Three hundred leading malaria scientists, global health leaders, policymakers, government officials and advocates gathered last week at the Malaria Forum to discuss great strides in malaria control and address challenges that are impacting the long-term goal of eradication.
“We have seen tremendous success in the control of malaria, thanks to an infusion of resources, innovation, and political will,” said Melinda Gates, co-chair of the Bill and Melinda Gates Foundation. “Worldwide, malaria deaths are down 20 percent since 2000.”
More than one million African children have been saved from malaria since 2000. New tools such as long-lasting insecticide treated bed nets and artemisinin-based combination treatments (ACTs)—along with prevention during pregnancy and indoor residual spraying—have made this recent progress possible.
A surge of financial and political commitments from endemic countries, donor governments, non-governmental organizations, private companies, and individuals sparked a decade of scientific advancement and the development of lifesaving tools that fight malaria. The Global Fund to Fight AIDS, Tuberculosis and Malaria, the U.S. President’s Malaria Initiative and the World Bank’s Malaria Booster Program transformed the funding landscape and contributed significantly to successes in malaria control.
Gates congratulated the forum participants and urged them to maintain momentum or recent gains could be lost. “What matters is our staying power,” she added. “We need to keep on seizing the opportunity to make new progress against malaria every single day.”
Innovation will Pave Way to Eradication
Bill Gates, co-chair of the Bill & Melinda Gates Foundation, challenged the malaria community to be smarter, faster, and more ambitious. “If we think big, bring more partners into the fold, and take smart risks, we will invent entirely new tools—powerful ways of fighting malaria that don’t exist now,” explained Mr. Gates. “This is the kind of innovation that will enable us to plan for the eventual eradication of malaria.”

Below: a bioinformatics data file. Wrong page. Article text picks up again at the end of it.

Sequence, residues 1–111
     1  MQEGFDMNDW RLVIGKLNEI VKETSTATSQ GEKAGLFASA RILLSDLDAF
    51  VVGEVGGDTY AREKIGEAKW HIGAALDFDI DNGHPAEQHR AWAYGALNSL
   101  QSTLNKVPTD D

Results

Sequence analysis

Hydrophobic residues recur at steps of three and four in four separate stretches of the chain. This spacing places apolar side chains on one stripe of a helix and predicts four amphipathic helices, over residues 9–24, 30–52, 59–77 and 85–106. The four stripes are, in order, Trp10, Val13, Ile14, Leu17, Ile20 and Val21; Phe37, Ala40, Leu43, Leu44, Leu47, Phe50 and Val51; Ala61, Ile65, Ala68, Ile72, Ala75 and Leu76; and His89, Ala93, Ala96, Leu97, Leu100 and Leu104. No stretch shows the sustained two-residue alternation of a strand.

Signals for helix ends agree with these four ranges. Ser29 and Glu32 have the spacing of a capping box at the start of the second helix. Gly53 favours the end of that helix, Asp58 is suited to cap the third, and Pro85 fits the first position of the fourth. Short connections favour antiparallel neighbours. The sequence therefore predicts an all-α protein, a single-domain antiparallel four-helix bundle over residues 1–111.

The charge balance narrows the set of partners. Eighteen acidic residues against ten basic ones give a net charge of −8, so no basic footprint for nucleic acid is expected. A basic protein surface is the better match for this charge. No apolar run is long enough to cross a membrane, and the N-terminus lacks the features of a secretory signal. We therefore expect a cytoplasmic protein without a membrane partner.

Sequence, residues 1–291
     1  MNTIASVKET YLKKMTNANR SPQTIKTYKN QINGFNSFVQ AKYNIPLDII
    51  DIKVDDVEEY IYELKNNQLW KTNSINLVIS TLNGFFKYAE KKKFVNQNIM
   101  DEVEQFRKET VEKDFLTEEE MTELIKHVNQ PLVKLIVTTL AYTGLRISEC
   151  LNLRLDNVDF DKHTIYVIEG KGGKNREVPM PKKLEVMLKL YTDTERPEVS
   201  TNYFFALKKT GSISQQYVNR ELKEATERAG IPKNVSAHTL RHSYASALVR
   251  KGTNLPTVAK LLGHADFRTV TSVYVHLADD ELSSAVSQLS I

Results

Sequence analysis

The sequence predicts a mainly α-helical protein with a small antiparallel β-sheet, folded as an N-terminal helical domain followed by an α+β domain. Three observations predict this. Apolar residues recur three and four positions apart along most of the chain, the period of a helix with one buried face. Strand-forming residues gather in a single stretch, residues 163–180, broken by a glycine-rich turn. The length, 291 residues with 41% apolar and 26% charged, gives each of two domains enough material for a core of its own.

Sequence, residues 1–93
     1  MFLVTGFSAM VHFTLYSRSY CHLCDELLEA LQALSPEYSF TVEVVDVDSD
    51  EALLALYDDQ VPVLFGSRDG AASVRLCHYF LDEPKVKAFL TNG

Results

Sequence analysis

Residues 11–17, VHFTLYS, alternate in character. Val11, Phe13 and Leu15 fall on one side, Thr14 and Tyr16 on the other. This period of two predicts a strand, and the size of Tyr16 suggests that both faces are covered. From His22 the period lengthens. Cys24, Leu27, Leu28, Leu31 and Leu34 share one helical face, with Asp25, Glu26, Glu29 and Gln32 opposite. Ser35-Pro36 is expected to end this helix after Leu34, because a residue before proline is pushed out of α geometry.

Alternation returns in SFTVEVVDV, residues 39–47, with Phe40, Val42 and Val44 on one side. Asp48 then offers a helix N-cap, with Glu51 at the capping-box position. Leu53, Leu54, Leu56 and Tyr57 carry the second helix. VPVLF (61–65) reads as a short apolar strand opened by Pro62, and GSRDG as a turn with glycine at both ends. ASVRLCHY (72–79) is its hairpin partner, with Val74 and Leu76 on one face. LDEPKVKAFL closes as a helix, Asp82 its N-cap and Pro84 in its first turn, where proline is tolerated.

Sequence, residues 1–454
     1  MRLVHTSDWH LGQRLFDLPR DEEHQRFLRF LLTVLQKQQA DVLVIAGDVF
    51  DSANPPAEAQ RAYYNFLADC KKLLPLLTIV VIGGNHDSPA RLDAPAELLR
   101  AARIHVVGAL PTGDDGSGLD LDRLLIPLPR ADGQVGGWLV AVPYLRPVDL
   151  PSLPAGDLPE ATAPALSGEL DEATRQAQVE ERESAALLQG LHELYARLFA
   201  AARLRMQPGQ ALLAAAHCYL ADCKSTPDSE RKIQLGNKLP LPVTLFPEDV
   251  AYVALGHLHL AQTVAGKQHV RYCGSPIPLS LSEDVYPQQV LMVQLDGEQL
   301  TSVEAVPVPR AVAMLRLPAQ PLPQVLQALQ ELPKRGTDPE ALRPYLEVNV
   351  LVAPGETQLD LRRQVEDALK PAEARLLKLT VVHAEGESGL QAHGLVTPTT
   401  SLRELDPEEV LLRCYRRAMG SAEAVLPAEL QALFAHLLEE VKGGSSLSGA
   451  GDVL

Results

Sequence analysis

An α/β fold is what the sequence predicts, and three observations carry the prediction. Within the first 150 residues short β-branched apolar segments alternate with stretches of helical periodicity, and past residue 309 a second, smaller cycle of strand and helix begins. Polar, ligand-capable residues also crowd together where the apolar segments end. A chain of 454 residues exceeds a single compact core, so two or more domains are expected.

When Mr. and Mrs. Gates first called on the global community to chart a course for the long-term eradication of malaria at the Malaria Forum four years ago, the world took notice. Gates reaffirmed the foundation’s commitment to eradication, urging public and private partners to increase their investments.
“Eradication is an ambitious goal—and a long-term goal. It is also a goal to which we remain 100 percent committed,” he added. “It will take leadership, innovation, and money to plan for malaria’s eventual eradication.”
Notable Scientific Advancement Reported
The first interim results from phase III trials of the RTS,S vaccine were announced at the forum. Among five- to 17-month-old children, the vaccine prevented clinical malaria in 56 percent of trial participants over a period of one year. It prevented severe malaria in 47 percent.
Gates deemed this discovery a “huge milestone” in the fight against malaria, as RTS,S is the first vaccine against a parasitic disease.
“First, this is proof that it is possible to create a vaccine that is effective against malaria,” he explained. “Second, if further results show that the effectiveness of RTS,S does not wane over time it has the potential to protect millions of children and save thousands of lives.”
Work is already underway to develop the next generation of vaccines that will provide greater and longer lasting protection and will be even more effective in stopping malaria transmission.
Urgent Call to Intensify Efforts
While the second Malaria Forum illuminated the recent progress the world has made in halting malaria, there was an underlying sense of urgency to be smarter and faster, and to save more lives.
The reality in much of Africa remains grim. A child dies of malaria every 45 seconds in sub-Saharan Africa. According to the latest reports from 2009, children under five accounted for 85 percent of the nearly 800,000 malaria deaths. Malaria also bears a heavy burden on Africa’s global economies, costing the continent an estimated $12 billion annually in lost productivity.
“The parasite has been killing children and sapping the strength of whole populations for tens of thousands of years,” added Mr. Gates. “Now, we can chart a course to end it.”